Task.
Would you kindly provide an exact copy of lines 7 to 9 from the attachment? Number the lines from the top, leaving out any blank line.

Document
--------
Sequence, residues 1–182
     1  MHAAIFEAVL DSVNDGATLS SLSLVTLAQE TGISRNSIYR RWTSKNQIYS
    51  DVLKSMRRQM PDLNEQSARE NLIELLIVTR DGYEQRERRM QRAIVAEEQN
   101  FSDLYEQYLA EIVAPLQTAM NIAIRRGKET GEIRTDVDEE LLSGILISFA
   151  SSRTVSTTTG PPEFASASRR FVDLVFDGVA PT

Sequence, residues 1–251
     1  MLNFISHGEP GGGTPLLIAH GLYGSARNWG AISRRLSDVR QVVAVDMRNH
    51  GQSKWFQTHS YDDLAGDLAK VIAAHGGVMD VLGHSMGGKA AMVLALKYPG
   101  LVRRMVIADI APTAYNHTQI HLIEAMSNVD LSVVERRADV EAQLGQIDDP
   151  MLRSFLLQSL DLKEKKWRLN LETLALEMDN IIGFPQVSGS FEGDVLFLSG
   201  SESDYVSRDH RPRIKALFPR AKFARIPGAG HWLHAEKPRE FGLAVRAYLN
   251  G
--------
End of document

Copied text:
     1  MLNFISHGEP GGGTPLLIAH GLYGSARNWG AISRRLSDVR QVVAVDMRNH
    51  GQSKWFQTHS YDDLAGDLAK VIAAHGGVMD VLGHSMGGKA AMVLALKYPG
   101  LVRRMVIADI APTAYNHTQI HLIEAMSNVD LSVVERRADV EAQLGQIDDP